The scene I have just describeded is being played out over and over again on hundreds of campuses throughout the country. Millions of America’s youth are actively participating and their votes and voices are having a tremendous impact. Say what you like about Generation X but what I know is, that they are a very bright and well educated generation of young people. More importantly, they are also extremely comfortable with their idenfifications and associations across social and ethnic landscapes. Two simple examples of this is truth, are music and their many multi-cultural and multi-racial friends, classmates and associates. This generation of young voters is far more comfortable with each other as people in general, as individuals, rather than members of any group. This is an aspect of their blended reality that is more significant than any prior generation in the history of this country.
    Generation “X” is seemingly embracing Senator Obama because they not only believe in his message of change and his qualifications. They are not only embracing him because they agree with his political views and in particular, his pledge to end the war in Iraq. They are “also” embracing and supporting him because he “represents” and “looks like” them, and so many others among their friends, peers and intellectual and artistic icons.

    Generation “X” is a mixture of “Americana” that we have not inspected and appreciated for its social intrigue. Nor for its mystical model of future generations. Generation “X” is what what America is becoming and what America was intended to become.
    At fifty four years old this whole “Obama” story is just phenomanal for me. However, this amazing story that is Senator Obama’s life, is not nearly as surprising for my niece who is a twenty year old “Junior” in college. Many of her close friends, classmates and associates are from international families, blended families, divorced families and from both challenged and affluent pasts. She herself, has a father who is African (born and raised in Gambia) who is an engineer, educated in the United States. Her mother (my sister) and our family are African Americans.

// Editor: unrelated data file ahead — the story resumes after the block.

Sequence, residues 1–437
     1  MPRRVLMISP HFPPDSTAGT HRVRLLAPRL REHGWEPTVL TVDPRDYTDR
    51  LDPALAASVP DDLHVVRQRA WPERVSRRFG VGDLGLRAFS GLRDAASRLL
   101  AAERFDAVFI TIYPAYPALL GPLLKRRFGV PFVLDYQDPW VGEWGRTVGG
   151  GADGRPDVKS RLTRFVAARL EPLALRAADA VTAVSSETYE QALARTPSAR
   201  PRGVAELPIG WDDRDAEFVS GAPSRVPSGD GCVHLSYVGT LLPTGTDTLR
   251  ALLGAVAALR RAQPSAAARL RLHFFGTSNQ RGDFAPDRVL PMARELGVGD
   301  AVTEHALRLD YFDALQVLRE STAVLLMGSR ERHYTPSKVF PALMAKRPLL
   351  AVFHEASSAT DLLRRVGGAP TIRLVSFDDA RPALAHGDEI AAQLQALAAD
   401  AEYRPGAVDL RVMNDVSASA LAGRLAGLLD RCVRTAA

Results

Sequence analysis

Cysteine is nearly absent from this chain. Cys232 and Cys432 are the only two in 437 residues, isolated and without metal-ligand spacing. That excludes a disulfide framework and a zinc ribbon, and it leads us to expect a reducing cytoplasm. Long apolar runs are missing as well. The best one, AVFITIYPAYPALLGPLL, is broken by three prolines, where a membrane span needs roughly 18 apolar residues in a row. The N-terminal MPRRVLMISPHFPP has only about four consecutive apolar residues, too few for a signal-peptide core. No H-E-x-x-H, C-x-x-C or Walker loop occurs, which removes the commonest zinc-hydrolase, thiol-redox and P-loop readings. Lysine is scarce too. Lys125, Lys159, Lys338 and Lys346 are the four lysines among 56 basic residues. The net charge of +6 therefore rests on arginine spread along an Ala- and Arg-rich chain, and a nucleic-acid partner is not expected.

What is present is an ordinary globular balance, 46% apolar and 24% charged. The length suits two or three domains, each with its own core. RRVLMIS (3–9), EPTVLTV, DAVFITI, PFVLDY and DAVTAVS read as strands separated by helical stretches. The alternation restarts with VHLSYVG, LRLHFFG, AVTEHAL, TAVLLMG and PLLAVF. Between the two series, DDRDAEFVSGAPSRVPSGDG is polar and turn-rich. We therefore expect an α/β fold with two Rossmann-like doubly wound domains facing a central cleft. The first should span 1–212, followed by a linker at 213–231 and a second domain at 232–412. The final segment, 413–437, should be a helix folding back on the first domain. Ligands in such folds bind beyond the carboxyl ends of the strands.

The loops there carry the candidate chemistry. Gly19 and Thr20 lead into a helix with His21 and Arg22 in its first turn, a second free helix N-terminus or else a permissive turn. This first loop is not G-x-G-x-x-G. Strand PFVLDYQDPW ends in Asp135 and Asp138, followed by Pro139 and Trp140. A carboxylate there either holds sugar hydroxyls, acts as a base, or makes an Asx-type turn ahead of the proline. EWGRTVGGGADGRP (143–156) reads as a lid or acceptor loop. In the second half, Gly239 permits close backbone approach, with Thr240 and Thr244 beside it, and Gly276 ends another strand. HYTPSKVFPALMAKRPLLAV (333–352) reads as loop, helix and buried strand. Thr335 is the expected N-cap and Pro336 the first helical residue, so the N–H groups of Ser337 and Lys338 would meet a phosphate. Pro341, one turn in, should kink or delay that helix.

We Americans see things from many different perspectives and that is among the many wonderful things that make life in this country both enjoyable and challenging. It makes being an American special and wonderful in a variety of ways. That is also why is is so important to take note of what so many of our young people are currently engaged in politically. Their votes and voices and activism are sending a resounding message that deserves much more consideration. Not only should we be more loudly applauding their participation, we should be absorbing a very significant message. We should be observing the example of these youth. Our children and young family members are teaching us a lesson. They are demonstrating to America what America really is. They are “walking the American walk” in a way that is not affected or contrived. Why? Because the live in a technological world that is colorful and colorless. They do not carry around old scars of political or social ideology as inescapable baggage. Why? Because they have information, education and experiences that are new and very different. Different from those of the average (I dare not say “typical”) American of twenty or thirty years ago or beyond.
    Generation “X” is having an incredible impact on this policical contest and they are a voting block that may well make the difference. This is to say nothing of the fact that they have influence. Influence on their parents and family members in encouraging their participation and swaying them to their way of thinking. It is a pretty powerful thing when your child invites you to have an adult discussion (about anything) and requests your support.
    I am so very proud of America’s youth and what I have been priveliged to see them so intensely engaged in this political season. This is a historic story that I will continue to tell for years to come. I would like nothing more than to see this contest for the Democratic Party nomination end as soon as possible. In the meantime, I am focusing my attention not on the moldy media snacks, but on the “Obama” youth support movement.
    I don’t care if you are a democrat or republican or independent. I don’t care what your views on any particular candidate or issues are. You might want to just take a momement to look over your shoulder and observe and what our young people are doing.
    They are gathering like a storm.
    L. A. Walker
    © Leon A. Walker, March 2008